Malaysian and Indonesian are two standardised registers of the Malay language, used in Malaysia and Indonesia, respectively.

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Compound (linguistics)

In linguistics, a compound is a lexeme (less precisely, a word) that consists of more than one stem.

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Constitution of Malaysia

The Federal Constitution of Malaya, which came into force in 1957, is the supreme law of Malaya.

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Davao City

, officially the (Dakbayan sa Dabaw, Lungsod ng Dabaw), is a highly urbanized city in the island of Mindanao,.

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Dewan Bahasa dan Pustaka

Dewan Bahasa dan Pustaka (Institute of Language and Literature, Jawi: ديوان بهاس دان ڤوستاک), abbreviated DBP, is the government body responsible for coordinating the use of the Malay language and Malay-language literature in Malaysia.

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Dharmasraya is the capital and also the name of the 11th century Malay Hinduism kingdom based on the Batanghari river system in modern-day Jambi and West Sumatra, on the island of Sumatra, Indonesia.

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The term dialect (from Latin,, from the Ancient Greek word,, "discourse", from,, "through" and,, "I speak") is used in two distinct ways to refer to two different types of linguistic phenomena.

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Dutch East Indies

The Dutch East Indies (or Netherlands East-Indies; Nederlands(ch)-Indië; Hindia Belanda) was a Dutch colony consisting of what is now Indonesia.

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Dutch language

The Dutch language is a West Germanic language, spoken by around 23 million people as a first language (including the population of the Netherlands where it is the official language, and about sixty percent of Belgium where it is one of the three official languages) and by another 5 million as a second language.

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Dutch people

The Dutch (Dutch), occasionally referred to as Netherlanders—a term that is cognate to the Dutch word for Dutch people, "Nederlanders"—are a Germanic ethnic group native to the Netherlands.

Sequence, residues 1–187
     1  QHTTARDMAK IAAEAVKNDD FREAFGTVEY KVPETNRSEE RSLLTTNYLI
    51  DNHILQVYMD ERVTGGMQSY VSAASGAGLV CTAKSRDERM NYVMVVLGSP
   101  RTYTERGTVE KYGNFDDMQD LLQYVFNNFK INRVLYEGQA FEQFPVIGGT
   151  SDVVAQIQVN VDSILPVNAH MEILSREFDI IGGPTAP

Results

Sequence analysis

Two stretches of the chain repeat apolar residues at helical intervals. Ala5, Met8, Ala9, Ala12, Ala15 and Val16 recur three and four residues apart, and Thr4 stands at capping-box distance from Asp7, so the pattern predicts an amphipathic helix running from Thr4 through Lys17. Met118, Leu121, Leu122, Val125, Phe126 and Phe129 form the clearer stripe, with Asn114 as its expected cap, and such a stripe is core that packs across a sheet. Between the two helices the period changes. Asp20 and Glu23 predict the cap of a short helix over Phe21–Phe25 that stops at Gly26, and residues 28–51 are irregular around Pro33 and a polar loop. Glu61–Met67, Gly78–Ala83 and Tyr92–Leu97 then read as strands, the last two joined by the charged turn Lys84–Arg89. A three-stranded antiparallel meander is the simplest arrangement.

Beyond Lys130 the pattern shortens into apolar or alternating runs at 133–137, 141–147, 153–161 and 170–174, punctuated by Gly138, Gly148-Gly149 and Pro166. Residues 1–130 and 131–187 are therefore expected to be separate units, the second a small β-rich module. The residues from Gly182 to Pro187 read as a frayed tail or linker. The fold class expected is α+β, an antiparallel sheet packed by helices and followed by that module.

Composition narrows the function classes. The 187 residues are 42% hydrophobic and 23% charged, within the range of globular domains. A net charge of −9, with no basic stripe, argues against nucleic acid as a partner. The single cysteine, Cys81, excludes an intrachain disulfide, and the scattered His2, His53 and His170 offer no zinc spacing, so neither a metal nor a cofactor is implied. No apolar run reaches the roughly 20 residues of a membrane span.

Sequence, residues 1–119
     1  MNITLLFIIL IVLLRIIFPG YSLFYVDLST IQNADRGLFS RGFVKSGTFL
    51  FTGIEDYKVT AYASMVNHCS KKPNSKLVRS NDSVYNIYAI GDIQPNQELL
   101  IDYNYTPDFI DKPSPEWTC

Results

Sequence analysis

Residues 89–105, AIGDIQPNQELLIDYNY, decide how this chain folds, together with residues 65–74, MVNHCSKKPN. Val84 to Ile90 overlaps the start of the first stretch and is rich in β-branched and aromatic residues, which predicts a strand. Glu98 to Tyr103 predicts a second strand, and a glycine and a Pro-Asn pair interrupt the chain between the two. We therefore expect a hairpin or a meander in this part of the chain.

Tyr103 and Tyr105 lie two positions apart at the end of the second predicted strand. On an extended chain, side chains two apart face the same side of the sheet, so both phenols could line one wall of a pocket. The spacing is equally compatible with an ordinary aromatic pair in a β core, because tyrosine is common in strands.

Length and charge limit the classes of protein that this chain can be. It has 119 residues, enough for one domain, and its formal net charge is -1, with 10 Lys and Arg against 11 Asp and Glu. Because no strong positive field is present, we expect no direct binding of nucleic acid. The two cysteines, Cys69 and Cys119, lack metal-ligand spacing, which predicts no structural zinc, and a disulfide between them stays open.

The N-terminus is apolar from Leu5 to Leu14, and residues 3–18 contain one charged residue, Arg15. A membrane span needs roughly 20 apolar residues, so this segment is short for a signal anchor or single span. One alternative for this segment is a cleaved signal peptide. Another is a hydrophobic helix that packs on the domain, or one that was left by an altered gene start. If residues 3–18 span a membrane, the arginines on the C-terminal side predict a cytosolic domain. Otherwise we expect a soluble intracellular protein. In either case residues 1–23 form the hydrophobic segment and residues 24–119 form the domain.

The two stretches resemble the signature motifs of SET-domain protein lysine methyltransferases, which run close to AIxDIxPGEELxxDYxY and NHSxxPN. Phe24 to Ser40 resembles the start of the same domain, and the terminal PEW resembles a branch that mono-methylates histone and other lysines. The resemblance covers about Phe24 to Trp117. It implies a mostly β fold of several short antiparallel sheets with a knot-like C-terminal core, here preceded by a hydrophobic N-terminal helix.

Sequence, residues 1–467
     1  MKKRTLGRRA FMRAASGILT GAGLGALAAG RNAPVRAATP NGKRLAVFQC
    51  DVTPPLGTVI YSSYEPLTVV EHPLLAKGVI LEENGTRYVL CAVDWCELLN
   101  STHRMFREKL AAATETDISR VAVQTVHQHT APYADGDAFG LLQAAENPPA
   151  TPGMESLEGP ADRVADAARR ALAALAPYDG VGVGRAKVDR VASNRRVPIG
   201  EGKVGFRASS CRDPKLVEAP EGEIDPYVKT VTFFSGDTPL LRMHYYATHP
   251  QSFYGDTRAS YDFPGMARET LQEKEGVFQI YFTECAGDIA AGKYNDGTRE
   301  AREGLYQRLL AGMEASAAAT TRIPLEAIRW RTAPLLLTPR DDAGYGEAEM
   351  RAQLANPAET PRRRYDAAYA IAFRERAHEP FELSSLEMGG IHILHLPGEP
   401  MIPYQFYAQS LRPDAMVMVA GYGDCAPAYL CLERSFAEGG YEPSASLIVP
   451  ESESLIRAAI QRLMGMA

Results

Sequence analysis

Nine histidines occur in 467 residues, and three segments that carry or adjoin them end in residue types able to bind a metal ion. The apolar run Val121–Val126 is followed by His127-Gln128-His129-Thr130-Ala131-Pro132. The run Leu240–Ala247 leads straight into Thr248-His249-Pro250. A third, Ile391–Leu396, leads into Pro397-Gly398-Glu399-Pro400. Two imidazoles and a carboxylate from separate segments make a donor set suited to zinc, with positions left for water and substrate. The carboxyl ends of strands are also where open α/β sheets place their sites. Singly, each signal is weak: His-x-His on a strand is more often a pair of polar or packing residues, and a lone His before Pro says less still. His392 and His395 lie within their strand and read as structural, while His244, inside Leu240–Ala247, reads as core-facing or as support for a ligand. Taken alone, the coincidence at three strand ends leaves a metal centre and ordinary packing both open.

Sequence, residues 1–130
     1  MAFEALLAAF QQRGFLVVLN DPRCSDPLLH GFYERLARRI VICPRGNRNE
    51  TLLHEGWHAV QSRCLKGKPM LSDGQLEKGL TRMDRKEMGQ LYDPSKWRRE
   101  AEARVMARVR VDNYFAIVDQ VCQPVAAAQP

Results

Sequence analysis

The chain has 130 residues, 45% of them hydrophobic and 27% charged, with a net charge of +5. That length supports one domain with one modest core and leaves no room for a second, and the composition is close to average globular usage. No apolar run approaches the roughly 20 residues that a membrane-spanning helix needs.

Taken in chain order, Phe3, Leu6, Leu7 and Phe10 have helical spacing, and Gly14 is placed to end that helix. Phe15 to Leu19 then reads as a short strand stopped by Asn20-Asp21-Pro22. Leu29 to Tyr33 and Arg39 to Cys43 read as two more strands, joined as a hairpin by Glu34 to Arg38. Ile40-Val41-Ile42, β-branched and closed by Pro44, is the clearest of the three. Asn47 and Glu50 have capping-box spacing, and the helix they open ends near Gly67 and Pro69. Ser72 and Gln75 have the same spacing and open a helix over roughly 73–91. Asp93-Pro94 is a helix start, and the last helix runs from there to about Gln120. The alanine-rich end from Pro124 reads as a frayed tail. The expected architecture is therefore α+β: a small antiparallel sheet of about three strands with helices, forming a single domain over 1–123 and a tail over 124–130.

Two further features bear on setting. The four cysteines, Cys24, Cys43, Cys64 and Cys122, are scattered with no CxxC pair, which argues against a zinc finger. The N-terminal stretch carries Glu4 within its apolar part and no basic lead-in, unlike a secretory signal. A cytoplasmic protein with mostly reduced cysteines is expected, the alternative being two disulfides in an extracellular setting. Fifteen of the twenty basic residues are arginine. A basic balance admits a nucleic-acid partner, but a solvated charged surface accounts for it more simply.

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East Malaysia

East Malaysia (Malaysia Timur), also known as Sabah, Sarawak and Labuan (Sabah, Sarawak dan Labuan) or Malaysian Borneo, is the part of Malaysia on the island of Borneo, the world's third largest island.

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East Timor

East Timor or Timor-Leste (Tetum: Timór Lorosa'e), officially the Democratic Republic of Timor-Leste (República Democrática de Timor-Leste, Repúblika Demokrátika Timór-Leste), is a sovereign state in Maritime Southeast Asia.

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English language

English is a West Germanic language that was first spoken in early medieval England and is now a global lingua franca.

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Ethnologue: Languages of the World is an annual reference publication in print and online that provides statistics and other information on the living languages of the world.

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First language

A first language, native language or mother/father/parent tongue (also known as arterial language or L1) is a language that a person has been exposed to from birth or within the critical period.

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Francisco Serrão

Francisco Serrão (died 1521) was a Portuguese explorer and a cousin of Ferdinand Magellan.

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Fricative consonant

Fricatives are consonants produced by forcing air through a narrow channel made by placing two articulators close together.